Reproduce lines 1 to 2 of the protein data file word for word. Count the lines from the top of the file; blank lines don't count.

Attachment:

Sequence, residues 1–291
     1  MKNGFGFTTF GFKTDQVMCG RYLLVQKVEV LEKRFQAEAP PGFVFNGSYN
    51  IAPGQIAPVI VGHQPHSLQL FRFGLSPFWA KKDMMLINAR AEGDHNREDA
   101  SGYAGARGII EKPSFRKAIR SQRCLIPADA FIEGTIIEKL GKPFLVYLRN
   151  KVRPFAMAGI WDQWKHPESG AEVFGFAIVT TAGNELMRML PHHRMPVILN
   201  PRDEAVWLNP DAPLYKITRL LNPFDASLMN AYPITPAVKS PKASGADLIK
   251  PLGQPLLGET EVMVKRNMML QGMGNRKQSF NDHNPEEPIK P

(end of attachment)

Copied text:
Sequence, residues 1–291
     1  MKNGFGFTTF GFKTDQVMCG RYLLVQKVEV LEKRFQAEAP PGFVFNGSYN